They are the quiet ones, Typists. Secretaries. Filing Clerks. Receptionists.
Mostly women, they do their office jobs efficiently, uncomplainingly -- expecting that higher-ups will notice their worth and see that they get promoted.
Unfortunately, say career counselors, that's usually not the way things work. Not in the business world. Not in the federal bureaucracy.
Unless, you reach out for that promotion yourself -- take your career in your own hands -- chances are you are going to be stuck in the same job. And as the years pass by, you're going to become increasingly frustrated.
To reach workers who may find themselves in this category, the Army has begun to offer a limited series of workshops for civilian employes at the clerical and secretarial level (GS-3 to -7).
"We want to motivate them to be their own employment agencies for upward mobility," says consultant John F. Hallen, who designed the workshops and has been leading them for the past year with associate Carolynn Taetle, a career development trainer and consultant.
So far, the two-day courses have been limited to headquarters staff at the Pentagon. About 90 employes -- including two males -- participated in a series of six last year, and 90 are now enrolled in a similar series.
"We're raising the level of truth about the limitations of bureaucracy," says Hallen, a former catholic priest who has been an Army consultant on "organization effectiveness" since 1973. "At this level, people think that if they do a good job, the institution will reward them.
"Sometimes it will happen. Often it will not."
Employes, he tells the workshop participants, "have to learn how to articulate and make themselves visible. Moving up the ladder is competitive. If you're not active, then you diminish your chances."
The Army bureaucracy, says Hallen -- whose firm also counsels individuals and groups outside the military -- keeps its eyes on an officer's career path."But they don't do that at the secretarial level."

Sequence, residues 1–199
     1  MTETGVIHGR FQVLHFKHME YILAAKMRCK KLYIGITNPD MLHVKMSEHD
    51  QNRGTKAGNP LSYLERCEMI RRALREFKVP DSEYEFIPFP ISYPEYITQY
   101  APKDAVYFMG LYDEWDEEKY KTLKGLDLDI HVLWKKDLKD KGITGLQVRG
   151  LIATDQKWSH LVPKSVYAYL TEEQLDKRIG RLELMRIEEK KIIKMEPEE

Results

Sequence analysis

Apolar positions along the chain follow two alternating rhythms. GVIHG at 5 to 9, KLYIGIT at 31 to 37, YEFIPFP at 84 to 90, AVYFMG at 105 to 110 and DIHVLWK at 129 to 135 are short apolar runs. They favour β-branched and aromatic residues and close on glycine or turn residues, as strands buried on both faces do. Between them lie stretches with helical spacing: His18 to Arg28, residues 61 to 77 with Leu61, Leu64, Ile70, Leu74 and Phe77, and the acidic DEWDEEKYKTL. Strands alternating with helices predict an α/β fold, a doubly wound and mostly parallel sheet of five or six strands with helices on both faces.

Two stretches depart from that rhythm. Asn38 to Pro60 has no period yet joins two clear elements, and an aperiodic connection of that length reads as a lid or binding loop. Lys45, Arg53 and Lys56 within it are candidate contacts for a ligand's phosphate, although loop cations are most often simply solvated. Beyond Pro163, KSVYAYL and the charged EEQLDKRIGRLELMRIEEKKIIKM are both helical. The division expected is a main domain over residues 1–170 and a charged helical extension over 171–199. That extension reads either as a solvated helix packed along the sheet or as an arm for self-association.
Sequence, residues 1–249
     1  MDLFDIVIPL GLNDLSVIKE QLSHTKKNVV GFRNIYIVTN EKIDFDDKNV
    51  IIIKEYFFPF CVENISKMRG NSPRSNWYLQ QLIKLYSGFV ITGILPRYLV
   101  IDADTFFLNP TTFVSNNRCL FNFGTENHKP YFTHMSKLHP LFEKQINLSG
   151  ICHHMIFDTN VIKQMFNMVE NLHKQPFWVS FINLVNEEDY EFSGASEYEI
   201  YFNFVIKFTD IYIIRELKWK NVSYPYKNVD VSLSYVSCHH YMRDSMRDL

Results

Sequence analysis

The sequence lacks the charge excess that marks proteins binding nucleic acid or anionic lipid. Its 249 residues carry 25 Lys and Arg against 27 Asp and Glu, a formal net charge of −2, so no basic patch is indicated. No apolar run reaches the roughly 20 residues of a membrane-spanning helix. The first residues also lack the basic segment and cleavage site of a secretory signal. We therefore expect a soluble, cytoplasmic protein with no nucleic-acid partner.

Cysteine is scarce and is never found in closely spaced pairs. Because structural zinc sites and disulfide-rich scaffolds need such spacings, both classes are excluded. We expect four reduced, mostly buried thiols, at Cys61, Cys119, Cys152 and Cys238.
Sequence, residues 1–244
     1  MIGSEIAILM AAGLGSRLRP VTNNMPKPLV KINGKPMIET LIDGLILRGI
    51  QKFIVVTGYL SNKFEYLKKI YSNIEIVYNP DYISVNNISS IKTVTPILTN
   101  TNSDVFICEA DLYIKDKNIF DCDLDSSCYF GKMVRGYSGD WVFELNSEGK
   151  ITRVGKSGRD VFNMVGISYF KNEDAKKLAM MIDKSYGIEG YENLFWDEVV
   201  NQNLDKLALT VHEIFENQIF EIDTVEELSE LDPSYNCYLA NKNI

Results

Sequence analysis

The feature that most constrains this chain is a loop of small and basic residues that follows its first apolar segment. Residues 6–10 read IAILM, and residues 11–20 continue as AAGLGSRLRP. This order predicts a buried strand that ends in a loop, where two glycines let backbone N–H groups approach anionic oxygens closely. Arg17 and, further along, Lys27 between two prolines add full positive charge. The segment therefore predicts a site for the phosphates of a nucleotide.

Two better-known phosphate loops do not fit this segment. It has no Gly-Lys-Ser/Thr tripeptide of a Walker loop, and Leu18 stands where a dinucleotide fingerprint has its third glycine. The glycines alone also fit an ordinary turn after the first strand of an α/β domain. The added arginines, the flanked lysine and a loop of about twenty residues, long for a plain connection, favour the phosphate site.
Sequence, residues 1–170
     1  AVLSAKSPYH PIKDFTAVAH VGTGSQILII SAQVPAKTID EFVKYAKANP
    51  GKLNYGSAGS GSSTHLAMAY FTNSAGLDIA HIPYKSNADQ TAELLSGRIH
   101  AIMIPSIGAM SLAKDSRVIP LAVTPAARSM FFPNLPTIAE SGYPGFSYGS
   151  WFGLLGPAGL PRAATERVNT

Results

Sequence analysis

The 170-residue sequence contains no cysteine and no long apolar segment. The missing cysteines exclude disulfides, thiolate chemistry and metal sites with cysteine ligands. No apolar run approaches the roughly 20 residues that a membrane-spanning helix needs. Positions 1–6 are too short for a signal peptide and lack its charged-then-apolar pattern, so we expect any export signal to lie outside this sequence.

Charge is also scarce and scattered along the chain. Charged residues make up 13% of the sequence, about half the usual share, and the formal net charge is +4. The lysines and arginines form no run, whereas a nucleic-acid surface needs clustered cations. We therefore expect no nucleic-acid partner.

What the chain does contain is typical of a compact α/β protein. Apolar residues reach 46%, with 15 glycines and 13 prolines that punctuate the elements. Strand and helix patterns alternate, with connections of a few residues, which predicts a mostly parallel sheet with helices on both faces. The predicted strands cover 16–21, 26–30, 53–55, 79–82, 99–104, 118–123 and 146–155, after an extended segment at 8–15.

One problem he has seen -- even among secretaries who have been on the job for 10 or more years -- is a "naivete about the power of their bosses. People at that level tend to rely on their immediate supervisors for upward mobility. That's not realistic. They don't have all the power you would expect."
He tells his students "to think of the federal government as a big arena" with numerous advancement possibilities outside their own office.
Much of the course involves helping participants translate off-the-job activities -- such as running a home or doing volunteer work -- into skills they can market for a better job.
Someone who is treasurer of a condominium association, for example, may be able to convince the boss to give added responsibilities in office budgeting -- and a pay raise.
Many employes, he suggests, under-value the responsibility level at which they are performing. They may be classified as secretaries, but doing the work of an office manager. This, too, is something they can point out to their bosses.
To get ahead in the federal bureaucracy, Hallen and Taetle suggest that you:
Learn to explore "the hidden job market."
Supervisors, says Taetle "for very legitimate reasons, hire people they know they can get along with. Part of your responsibility is that you get known. If two equally qualified people are going for a job -- and someone else already is there -- then they get the better shot.
"It's what you know and who you know."
Identify and articulate your skills. In interviews or on your SF 171 (the federal resume), don't simply list past responsibilities.
Include, says Hallen, things in action-oriented phrases like "supervising a group, establishing a plan, recruiting people to work, designing a new filing system, making people coming into the office comfortable."
Key your presentation to the requirements of the position you are seeking . In other words, tell prospective bosses what they want to hear.
Develop your SF 171 so it represents your best and full self . One tip: cut and paste the form so that it can be read straight through from top to bottom without detours to back-up material.
Some secretaries, say Hallen and Taetle, who before might have told a supervisor "it's not in my job description," are now apt to say, "I'd like to do that. It gives me experience I can market."